Date: Tue, 25 Oct 2011 08:47:05 -0400
Reply-To: DCHAS-L <DCHAS-L**At_Symbol_Here**MED.CORNELL.EDU>
Sender: DCHAS-L Discussion List <dchas-l**At_Symbol_Here**>
From: "Jeskie, Kimberly B." <jeskiekb**At_Symbol_Here**ORNL.GOV>
Subject: Re: safety shower curtain
In-Reply-To: <4F21A5F3A002444D8B4F5E4B767431E5068FB1**At_Symbol_Here**EXMBX2010-7.campus.MCGILL.CA>
We've been having an ongoing discussion about how much psychological aspects could play into emergency response. Larry Doemeny circulated an article in September called "How to Get Out Alive" that has sparked the discussion here. The short version is that in an emergency situation, the following happens:
1) About 10-15% remain calm and act quickly and efficiently
2) Another 15% or less completely freak out
3) The vast majority do very little as they are "stunned"...then they revert to physically practiced learned behaviors like searching for keys or making calls.

I would think that modesty fits into that learned behavior pile and is something that we fight against.  But more importantly, to counteract the reaction of the vast majority, you have to practice the desired response so the individual can search the physically practiced, learned behavior memory banks for the right behavior. I don't think I'm actually advocating a total disrobing during training as the answer here, but I'm more convinced than ever that group response drills so that the group as a whole will act marginally close to what's expected is the ticket.

Kimberly Begley Jeskie, MPH-OSHM
Operations Manager
Physical Sciences Directorate
Oak Ridge National Laboratory
Office: (865) 574-4945
Cell: (865) 919-4134 - Note that this is a new number
-----Original Message-----
From: DCHAS-L Discussion List [mailto:dchas-l**At_Symbol_Here**MED.CORNELL.EDU] On Behalf Of Wayne Wood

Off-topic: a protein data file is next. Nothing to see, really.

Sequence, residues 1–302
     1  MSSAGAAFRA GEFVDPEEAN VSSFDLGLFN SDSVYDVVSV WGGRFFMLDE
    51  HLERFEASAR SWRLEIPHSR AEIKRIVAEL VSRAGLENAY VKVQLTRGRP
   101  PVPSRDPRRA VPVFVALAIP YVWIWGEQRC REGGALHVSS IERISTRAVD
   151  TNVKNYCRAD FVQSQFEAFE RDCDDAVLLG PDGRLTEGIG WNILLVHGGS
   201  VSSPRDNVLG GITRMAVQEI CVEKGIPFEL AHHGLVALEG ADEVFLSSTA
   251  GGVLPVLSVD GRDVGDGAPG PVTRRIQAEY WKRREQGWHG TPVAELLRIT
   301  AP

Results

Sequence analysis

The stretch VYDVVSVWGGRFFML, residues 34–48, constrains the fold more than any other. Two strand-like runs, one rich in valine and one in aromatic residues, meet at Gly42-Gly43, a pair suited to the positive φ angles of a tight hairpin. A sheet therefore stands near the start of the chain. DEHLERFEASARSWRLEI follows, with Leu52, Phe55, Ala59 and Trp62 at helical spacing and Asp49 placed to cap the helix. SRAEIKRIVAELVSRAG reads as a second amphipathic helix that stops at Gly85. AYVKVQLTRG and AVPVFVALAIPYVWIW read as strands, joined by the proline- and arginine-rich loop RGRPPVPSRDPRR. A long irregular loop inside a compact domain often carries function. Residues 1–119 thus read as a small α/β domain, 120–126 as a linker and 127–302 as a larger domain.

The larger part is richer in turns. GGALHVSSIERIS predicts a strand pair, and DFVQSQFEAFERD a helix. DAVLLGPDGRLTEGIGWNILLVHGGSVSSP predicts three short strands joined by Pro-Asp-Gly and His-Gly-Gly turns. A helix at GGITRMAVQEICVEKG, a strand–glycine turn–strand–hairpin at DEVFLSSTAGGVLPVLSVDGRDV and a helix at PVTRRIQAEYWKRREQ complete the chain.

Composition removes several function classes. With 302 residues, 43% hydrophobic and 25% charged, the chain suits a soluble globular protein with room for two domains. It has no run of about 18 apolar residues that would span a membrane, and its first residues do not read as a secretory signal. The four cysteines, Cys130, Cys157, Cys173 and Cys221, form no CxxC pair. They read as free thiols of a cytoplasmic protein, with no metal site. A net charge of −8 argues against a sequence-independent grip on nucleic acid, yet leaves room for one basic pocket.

Sent: Tuesday, October 25, 2011 8:31 AM
Subject: Re: [DCHAS-L] safety shower curtain

There are all sorts of reasons why people don't activate the emergency shower when it is called for e.g. never saw it work, scared to make a mess, not trained, unsure about water purity and temperature and last but not least, modesty.  It has been my experience that in most cases where lab personnel should  have used a shower they chose not to. So anything you can do to alleviate their reluctance, like installing modesty curtains, will improve the likelihood that someone will actually use the shower when they need it.


Wayne Wood | Associate Director, University Safety (EHS) - Directeur Adjoint, Direction de la prévention (SSE), Services universitaires | McGill University | 3610 McTavish Street, 4th floor | Montreal, Quebec, Canada, H3A 1Y2 | Tel: (514) 398-2391 | Fax: (514) 398-8047
From: DCHAS-L Discussion List [mailto:dchas-l**At_Symbol_Here**MED.CORNELL.EDU] On Behalf Of Wallace, Michele
Sent: Monday, October 24, 2011 11:27 PM
Subject: [DCHAS-L] safety shower curtain

Does anyone on the list have experience or information about using curtains on safety showers?

Recently we had an employee exposure incident that, thankfully, did not turn out to be major, but did not go according to plan.  Employees have requested to have curtains on the showers so they will feel more comfortable using the shower in an emergency - which I know should not be the point.  Someone found a vendor selling a curtain.  I want to address the employee concerns, but I do not want to create unreasonable expectations or more hazards.

Any advice appreciated, because right now I really want to scold someone who should know better.

Michele L. Wallace , NRCC-CHO
Associate Director, Product Integrity
Phone: 919-678-2417
Email:  MWallace**At_Symbol_Here**
Internet: www . cottoninc . com

"The superior man, when resting in safety, does not forget that danger may come. When in a state of security he does not forget the possibility of ruin. When all is orderly, he does not forget that disorder may come. Thus his person is not endangered, and his States and all their clans are preserved."
- Confucius    Chinese philosopher & reformer (551 BC - 479 BC)

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